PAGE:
Raise your hand if you know the answer to the following question: How many grant dollars did US foundations award in 2011? Anyone?
Let me ask a different question. If you needed to find the answer to that question, where would you go? Foundation Center? Good –you’re on the right track. So, you visit the Foundation Center’s website and where do you look? Not sure? In the past, you weren’t alone.
But all that has changed as the Center has launched a new free statistical tool called Foundation Stats at data.foundationcenter.org.
The answer to almost every basic statistical question about the collective work of US foundations can be found there. You don’t have to buy any publications and you don’t have to dig through thousands of static data tables on the center’s website. Plus, you can download and reuse, for free, any of the statistics you find in Foundation Stats. You can even grab these statistics using an application programming interface (API), if you’re so inclined.
Usually, I’m not so shamelessly self-promotional, but I can barely contain my excitement about Foundation Stats. Let me tell you why.
First, I have long believed that certain kinds of basic statistical data about the work of US foundations should be widely known and understood by anyone who works in this field. Everyone should know, for example, how many active grantmaking foundations there are in the United States, how much they give collectively every year, how their giving breaks down across subject areas, and how their giving has changed over time. To my mind, Socrates’ dictum ‘know thyself’ applies every bit as much to fields as it does to individuals.
Second, in order for this kind of knowledge to effectively propagate across the field, the information has to be easy to find and freely available. Foundation Stats does that.
Third, it’s really easy to use. Like you, I have little patience for online tools that don’t provide any kind of genuine payoff within the first fifteen seconds of use. If you visit Foundation Stats, I guarantee that within fifteen seconds you will have learned at least three interesting facts about US foundations and will be eagerly trying out different ways to look at the data – by state, by subject area, by foundation type and more. Try clicking on a Top 50 Foundations list and see what pops up.
Fourth, Foundation Stats works on your mobile phone!
Fifth, just when you think you’ve figured out everything that Foundation Stats can do, you will discover yet one more way it lets you sort or visualize data. (Tip: If you think something might happen by clicking on it, click on it. You’ll be rewarded often.)
The only piece of ‘insider’ information you need to know in order to use Foundation Stats effectively is that it relies on two different sets of data to produce the charts, tables and graphs that you see. These two data sets correspond to the FOUNDATIONS tab and the GRANTS tab at the top of the page. If you click on the FOUNDATIONS tab, you’ll see that our statistics about foundations are based on summary-level data from nearly 82,000 US foundations. If you click on the GRANTS tab, you’ll see that our statistics about foundation grantmaking are based on nearly 150,000 grants awarded by 1,000 of the largest US foundations. These 1,000 foundations account for almost exactly half of all grant dollars awarded by US foundations each year. (We wish we could include every grant awarded by every foundation, but even the Foundation Center has capacity limits!)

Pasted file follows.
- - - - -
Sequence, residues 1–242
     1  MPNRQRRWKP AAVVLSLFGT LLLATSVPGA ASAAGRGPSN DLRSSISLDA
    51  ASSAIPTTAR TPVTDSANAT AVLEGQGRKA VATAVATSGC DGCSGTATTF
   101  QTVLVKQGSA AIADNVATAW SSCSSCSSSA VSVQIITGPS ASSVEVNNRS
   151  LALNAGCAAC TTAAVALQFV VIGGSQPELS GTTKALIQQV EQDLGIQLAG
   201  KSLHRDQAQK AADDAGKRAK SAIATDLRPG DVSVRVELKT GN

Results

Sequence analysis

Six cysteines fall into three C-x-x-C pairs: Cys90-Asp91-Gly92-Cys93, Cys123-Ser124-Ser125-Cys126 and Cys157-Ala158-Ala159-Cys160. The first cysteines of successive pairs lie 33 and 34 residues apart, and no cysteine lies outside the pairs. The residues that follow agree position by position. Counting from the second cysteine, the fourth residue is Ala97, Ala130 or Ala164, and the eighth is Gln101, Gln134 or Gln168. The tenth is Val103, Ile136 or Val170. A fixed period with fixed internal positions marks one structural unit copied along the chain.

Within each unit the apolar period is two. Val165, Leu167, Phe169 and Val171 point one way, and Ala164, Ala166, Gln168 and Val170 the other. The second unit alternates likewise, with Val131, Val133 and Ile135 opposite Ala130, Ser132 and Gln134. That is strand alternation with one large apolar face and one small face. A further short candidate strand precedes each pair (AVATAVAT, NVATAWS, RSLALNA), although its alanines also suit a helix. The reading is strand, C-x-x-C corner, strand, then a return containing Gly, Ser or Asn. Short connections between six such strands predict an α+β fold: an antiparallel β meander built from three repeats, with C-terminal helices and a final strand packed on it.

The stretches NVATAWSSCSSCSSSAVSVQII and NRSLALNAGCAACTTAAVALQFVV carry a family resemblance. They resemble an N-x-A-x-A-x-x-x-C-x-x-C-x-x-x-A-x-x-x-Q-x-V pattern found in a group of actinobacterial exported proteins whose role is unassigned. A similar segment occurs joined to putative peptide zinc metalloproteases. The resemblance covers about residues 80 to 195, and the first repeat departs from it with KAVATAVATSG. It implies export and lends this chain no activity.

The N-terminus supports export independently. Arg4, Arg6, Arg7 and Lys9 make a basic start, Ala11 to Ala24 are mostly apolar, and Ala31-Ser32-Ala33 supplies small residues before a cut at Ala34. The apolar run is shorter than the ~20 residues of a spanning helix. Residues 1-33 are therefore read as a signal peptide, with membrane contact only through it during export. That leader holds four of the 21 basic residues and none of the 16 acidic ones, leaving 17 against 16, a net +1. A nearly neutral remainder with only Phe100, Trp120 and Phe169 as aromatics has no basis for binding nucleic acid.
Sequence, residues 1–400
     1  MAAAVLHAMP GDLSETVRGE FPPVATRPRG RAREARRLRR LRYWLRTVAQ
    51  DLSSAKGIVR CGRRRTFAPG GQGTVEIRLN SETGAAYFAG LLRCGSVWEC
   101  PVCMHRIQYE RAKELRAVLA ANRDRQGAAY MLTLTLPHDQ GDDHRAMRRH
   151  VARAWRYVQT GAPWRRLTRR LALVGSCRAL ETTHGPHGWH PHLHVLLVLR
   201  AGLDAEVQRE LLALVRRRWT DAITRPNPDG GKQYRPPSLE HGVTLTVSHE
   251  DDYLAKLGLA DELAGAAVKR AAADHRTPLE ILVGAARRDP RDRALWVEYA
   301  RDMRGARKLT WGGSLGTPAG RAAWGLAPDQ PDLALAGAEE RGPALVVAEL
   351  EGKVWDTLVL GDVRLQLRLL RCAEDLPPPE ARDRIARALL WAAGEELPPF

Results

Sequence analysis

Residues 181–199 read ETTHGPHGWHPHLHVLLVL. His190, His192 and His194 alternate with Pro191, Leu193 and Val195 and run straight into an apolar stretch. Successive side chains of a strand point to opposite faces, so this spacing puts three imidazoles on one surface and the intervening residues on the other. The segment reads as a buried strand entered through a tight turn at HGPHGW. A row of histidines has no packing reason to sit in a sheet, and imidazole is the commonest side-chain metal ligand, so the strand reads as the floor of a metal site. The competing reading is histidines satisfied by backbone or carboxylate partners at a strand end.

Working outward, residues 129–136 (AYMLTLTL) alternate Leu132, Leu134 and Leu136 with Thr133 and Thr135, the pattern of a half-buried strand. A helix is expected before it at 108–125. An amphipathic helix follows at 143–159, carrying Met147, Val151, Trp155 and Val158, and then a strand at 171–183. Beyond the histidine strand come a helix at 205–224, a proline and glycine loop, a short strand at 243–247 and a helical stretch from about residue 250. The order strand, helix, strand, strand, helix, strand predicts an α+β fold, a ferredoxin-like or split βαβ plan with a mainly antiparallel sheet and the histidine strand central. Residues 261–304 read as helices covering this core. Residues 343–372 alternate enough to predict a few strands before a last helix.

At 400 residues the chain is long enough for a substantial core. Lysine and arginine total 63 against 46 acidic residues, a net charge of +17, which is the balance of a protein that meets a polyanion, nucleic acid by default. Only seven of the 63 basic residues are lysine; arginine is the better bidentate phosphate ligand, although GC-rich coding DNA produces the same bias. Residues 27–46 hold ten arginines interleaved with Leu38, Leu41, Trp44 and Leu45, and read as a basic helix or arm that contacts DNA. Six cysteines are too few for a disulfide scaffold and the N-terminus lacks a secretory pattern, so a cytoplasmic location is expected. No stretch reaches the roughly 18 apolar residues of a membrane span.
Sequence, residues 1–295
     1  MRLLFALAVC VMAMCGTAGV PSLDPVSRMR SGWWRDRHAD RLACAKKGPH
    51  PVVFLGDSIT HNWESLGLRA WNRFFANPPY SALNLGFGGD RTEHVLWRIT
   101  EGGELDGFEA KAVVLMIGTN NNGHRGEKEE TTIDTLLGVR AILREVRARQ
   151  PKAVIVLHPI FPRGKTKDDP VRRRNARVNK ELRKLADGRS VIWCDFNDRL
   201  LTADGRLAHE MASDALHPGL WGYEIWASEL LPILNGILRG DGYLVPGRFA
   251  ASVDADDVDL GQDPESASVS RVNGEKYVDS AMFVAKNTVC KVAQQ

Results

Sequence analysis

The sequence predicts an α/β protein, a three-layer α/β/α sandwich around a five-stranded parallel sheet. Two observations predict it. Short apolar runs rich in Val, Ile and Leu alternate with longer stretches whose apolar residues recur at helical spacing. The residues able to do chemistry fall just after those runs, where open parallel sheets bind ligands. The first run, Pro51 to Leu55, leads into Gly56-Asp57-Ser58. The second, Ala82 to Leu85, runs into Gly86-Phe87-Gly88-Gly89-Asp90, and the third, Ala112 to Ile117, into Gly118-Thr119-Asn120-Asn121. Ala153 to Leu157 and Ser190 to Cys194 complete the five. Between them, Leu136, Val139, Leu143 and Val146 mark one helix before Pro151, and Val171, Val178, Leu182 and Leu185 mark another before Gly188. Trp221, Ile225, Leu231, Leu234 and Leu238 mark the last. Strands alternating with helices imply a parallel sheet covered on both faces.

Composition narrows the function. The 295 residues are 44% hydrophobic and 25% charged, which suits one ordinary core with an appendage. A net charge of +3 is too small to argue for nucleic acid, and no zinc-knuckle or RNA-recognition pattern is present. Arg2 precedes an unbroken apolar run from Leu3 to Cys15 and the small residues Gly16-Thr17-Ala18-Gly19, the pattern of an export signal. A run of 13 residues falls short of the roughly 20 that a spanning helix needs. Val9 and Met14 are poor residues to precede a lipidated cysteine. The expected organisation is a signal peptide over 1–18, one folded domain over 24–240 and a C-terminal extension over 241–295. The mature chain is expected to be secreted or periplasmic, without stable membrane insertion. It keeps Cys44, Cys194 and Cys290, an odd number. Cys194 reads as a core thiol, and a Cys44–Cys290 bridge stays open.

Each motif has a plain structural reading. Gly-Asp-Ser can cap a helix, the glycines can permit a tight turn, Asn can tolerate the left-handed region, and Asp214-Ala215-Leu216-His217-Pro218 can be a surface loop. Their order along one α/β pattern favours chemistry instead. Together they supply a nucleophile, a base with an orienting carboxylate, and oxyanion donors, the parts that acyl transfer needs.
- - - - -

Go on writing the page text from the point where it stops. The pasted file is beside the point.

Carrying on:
We call this set of foundations the FC 1000. To the extent possible, we’ll strive to keep this set constant from year to year so that trends over time can be meaningfully generated. This addresses a past concern raised by some that the number and consistency of foundations in our grants data set varies too much from year to year. Going forward, it essentially will be the same 1,000 foundations in the set every year, with adjustments made from time to time as the field grows and changes, which it will. Generally speaking, the FC 1000 will provide a consistent barometer in the years ahead of the giving patterns of the largest foundations in the United States.
And the answer to the question I posed at the beginning of this post?
Go to data.foundationcenter.org and click on the FOUNDATIONS tab and see how quickly you can uncover the answer. Happy hunting!
Larry McGill is vice president for research at the Foundation Center. This article first appeared on the Foundation Center’s Philantopic website